Eurozone bond rise from record low levels, 30-year leads way

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Long-dated bond yields in the eurozone shot higher on Monday on the back of a calmer tone in world markets and increased expectations for fiscal stimulus in Germany.

Germany has the fiscal strength to counter any future economic crisis “with full force”, Finance Minister Olaf Scholz said on Sunday, suggesting Berlin could provide up to 50 billion euros ($55 billion) of extra spending.

That followed a report on Friday that Germany was prepared to ditch its balanced budget rule and take on new debt to counter a possible recession, pushing bond yields higher.

Firmer sentiment in equity markets and a report that the US Treasury is considering issuing 50 or 100-year bonds also provided an opportunity for bond investors to take profits on recent hefty price gains, analysts said.

Thirty-year bond yields across the single currency bloc were up nine to 10 basis points on the day. Germany's 30-year bond yield was on track for its biggest one-day jump since 2017, rising to -0.11 percent.

Germany's 10-year bond yield was up four bps at -0.63 percent, off record lows around -0.73 percent hit last week.

“The fiscal spending debate is taking shape so we have an expectation that a swing in supply may come about although we think that's unlikely,” said Commerzbank rates strategist Rainer Guntermann.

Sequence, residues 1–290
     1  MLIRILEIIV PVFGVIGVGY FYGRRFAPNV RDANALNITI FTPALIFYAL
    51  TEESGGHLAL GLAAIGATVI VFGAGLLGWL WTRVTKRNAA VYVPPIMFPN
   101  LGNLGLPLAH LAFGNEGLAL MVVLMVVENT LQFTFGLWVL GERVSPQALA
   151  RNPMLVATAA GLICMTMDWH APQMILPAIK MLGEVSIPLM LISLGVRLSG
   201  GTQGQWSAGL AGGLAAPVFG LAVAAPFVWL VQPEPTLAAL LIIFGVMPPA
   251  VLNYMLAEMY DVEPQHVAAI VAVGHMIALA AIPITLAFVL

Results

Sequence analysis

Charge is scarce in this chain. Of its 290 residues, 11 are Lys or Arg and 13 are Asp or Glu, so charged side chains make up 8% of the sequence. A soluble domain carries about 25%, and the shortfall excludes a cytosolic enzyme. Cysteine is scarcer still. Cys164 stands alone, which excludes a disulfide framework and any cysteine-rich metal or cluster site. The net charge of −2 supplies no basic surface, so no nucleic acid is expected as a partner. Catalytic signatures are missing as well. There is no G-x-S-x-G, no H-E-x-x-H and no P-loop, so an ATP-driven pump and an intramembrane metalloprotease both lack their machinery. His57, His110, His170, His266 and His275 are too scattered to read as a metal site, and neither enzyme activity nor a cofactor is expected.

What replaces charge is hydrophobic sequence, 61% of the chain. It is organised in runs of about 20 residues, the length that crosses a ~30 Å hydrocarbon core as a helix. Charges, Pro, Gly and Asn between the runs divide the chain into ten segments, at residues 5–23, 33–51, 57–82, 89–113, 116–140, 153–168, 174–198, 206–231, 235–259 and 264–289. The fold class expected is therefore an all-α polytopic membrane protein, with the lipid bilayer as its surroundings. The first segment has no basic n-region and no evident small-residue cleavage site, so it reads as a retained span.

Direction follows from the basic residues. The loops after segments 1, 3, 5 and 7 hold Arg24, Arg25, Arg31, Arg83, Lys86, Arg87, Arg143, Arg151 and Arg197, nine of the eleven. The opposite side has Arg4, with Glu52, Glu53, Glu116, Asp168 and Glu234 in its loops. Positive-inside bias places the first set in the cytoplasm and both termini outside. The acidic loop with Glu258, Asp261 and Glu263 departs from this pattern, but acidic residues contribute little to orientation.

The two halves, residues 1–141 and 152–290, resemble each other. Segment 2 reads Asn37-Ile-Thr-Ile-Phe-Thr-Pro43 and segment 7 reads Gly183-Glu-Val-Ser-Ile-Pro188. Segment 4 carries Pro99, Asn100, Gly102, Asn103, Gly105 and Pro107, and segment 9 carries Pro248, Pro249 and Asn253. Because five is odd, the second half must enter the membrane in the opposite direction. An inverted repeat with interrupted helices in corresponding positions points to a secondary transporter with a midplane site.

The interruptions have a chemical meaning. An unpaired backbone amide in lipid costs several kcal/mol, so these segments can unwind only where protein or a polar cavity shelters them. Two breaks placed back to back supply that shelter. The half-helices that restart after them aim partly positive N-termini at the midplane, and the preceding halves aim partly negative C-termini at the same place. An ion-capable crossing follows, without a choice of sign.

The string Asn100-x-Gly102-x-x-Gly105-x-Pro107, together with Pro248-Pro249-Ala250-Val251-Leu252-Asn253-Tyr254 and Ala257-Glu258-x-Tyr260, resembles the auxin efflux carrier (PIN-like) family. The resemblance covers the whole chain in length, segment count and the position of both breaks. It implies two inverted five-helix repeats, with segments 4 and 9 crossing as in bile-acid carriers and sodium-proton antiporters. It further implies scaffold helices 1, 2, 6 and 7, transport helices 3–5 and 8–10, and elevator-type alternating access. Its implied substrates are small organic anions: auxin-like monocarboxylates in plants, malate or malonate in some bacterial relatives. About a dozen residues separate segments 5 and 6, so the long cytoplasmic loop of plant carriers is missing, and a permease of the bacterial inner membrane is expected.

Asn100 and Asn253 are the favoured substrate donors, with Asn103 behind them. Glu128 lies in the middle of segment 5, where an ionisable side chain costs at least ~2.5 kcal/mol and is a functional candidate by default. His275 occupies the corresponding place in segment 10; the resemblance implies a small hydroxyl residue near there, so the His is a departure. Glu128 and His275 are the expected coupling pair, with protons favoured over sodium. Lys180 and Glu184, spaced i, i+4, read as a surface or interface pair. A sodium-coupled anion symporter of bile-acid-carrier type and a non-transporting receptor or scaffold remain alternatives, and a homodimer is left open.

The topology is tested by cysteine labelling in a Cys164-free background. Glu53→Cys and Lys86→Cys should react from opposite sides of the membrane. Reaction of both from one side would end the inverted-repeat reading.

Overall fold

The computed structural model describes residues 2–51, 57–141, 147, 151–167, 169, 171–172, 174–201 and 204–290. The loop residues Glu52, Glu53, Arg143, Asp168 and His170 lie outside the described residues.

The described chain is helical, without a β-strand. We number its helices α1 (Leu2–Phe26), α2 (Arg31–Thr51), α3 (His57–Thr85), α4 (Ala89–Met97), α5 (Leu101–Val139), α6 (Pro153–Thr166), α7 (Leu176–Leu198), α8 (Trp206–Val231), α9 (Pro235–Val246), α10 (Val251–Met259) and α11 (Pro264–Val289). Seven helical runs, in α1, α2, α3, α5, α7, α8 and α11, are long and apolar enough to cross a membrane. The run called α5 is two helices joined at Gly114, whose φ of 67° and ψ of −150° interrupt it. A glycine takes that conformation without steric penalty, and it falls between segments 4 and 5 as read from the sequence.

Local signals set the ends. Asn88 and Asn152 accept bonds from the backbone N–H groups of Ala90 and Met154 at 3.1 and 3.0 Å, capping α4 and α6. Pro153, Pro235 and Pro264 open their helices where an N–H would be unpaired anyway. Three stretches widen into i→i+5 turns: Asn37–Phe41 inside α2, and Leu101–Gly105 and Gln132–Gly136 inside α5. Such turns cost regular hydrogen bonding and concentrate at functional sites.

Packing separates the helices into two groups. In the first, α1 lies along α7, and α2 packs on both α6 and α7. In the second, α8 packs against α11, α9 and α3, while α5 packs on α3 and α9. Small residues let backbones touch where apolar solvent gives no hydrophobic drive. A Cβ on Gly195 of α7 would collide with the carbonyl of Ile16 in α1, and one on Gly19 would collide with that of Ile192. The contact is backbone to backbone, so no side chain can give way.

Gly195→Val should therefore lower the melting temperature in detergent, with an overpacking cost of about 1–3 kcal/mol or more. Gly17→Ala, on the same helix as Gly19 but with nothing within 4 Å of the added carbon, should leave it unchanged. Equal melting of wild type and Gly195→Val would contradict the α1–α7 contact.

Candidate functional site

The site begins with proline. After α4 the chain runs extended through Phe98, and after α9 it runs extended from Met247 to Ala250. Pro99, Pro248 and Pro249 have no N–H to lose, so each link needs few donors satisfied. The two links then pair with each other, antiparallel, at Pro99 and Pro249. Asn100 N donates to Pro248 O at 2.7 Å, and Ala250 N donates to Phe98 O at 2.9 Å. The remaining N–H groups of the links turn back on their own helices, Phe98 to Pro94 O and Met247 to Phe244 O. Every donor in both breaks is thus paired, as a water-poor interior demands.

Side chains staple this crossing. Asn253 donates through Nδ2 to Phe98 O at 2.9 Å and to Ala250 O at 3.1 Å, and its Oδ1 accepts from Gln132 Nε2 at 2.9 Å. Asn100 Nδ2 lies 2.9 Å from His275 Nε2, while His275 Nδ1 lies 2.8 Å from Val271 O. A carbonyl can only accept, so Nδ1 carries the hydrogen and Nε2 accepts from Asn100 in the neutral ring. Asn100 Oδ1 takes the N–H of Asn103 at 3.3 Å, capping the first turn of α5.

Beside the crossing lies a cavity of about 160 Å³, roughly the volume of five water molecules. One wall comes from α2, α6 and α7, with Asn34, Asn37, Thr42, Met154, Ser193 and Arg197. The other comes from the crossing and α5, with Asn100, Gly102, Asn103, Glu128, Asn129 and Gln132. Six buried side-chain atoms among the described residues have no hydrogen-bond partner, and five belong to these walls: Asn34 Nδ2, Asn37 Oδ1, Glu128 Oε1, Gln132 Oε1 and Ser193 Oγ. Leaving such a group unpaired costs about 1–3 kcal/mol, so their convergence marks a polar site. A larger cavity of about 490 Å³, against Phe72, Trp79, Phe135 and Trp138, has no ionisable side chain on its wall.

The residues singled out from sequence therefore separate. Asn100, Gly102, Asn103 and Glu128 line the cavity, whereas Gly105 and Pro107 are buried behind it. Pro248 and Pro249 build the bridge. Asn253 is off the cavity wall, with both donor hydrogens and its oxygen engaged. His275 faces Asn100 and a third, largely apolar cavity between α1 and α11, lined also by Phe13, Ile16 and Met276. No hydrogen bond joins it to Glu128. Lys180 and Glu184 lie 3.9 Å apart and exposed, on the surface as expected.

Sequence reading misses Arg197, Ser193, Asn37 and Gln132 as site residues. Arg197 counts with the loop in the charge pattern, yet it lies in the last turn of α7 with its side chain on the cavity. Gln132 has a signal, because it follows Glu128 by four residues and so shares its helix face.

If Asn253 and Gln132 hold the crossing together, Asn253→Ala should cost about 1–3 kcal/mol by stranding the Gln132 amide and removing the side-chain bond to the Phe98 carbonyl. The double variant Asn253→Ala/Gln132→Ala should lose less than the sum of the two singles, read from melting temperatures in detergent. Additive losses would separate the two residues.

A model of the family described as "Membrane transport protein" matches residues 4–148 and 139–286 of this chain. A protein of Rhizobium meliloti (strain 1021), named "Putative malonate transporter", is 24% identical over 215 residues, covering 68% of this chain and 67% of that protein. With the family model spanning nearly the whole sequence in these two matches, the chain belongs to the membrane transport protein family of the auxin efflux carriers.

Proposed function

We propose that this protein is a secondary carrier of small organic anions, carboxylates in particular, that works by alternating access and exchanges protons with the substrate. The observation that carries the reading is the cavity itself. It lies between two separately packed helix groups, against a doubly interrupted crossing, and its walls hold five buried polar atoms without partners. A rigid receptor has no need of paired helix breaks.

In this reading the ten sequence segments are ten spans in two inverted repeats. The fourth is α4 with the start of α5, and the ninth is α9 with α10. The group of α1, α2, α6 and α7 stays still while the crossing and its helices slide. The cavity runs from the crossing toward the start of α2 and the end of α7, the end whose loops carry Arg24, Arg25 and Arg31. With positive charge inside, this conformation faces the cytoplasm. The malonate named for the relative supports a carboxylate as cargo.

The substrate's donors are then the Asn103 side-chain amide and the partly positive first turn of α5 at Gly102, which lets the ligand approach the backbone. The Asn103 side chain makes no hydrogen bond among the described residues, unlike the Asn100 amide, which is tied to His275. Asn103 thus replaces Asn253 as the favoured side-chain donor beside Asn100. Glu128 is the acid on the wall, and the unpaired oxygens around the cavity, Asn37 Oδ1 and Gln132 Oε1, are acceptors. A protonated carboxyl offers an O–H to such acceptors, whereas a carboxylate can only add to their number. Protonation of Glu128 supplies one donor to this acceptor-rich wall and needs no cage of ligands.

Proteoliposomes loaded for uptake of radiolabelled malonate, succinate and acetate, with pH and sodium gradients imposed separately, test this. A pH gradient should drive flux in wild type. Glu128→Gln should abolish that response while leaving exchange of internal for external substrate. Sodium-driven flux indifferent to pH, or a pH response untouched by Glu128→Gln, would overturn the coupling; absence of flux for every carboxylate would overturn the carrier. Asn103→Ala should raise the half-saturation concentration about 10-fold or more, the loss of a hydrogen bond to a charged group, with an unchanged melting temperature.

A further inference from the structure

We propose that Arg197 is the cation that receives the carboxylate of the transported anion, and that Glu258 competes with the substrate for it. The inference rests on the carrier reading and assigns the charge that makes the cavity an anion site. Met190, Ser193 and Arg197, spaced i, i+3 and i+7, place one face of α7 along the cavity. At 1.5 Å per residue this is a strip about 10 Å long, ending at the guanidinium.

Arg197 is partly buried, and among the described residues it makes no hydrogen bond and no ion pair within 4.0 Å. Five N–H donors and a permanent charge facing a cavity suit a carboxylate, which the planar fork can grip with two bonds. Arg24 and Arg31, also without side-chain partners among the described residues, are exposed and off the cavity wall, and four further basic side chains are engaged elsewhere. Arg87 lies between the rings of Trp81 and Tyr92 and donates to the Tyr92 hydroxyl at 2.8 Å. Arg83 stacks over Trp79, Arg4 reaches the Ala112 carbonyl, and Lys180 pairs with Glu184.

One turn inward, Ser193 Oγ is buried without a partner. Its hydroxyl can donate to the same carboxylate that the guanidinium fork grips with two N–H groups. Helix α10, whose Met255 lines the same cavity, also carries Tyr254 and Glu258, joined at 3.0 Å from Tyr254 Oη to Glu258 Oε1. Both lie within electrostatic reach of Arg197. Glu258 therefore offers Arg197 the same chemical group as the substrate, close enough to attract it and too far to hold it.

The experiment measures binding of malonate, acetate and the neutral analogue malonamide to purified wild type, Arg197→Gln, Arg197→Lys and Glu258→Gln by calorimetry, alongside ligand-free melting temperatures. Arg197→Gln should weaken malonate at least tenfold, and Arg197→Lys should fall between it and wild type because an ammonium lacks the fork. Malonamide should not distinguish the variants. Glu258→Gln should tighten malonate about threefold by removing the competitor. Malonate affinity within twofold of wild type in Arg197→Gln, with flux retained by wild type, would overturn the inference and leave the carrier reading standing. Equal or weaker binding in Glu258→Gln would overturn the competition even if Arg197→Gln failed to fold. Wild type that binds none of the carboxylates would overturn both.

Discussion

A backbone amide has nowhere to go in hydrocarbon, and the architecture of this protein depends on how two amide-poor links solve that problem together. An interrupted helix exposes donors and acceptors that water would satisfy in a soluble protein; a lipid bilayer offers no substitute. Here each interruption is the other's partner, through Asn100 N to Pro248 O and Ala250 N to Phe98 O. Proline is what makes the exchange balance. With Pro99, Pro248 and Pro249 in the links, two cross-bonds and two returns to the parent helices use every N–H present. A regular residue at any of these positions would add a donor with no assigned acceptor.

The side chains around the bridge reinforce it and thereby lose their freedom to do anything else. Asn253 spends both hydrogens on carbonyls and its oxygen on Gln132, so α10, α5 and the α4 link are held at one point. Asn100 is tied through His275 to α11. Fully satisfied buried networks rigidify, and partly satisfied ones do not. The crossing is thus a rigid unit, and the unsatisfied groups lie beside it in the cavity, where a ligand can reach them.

“There's also a debate about 50-year bond issuance in the US, which we've had before, adding to this cocktail is that the market is consolidating after last week.”

Hopes of fresh stimulus measures from major economies have helped soothe global recessionary fears. World stock markets were also cheered by a decision from China's central bank to alter the way it sets a key interest rate benchmark, a move seen by analysts as reducing borrowing costs for companies.

Japanese bond yields nudged away from three-year lows and US Treasury yields rose 5-13 bps.

In Italy unease was also creeping in as Prime Minister Giuseppe Conte gets ready to address the Senate on Tuesday on a government crisis.

Italy's 10-year bond yield was up 10 bps on the day at 1.50 percent.

The anti-establishment 5-Star Movement said on Sunday that Matteo Salvini, leader of the far-right League, was no longer a credible partner, apparently closing the door on any possibility of resurrecting the ruling coalition.

The League has put forward a motion of no confidence in the government, but 5-Star and the opposition Democratic Party refused to debate it and are discussing forming a coalition among themselves.

“Under the earliest scenario, elections can only happen in November,” said Pooja Kumra, European rates strategist at TD Securities. “Markets also expect an easing package from ECB next month so any fall in (Italian) BTPs could be a buying opportunity.”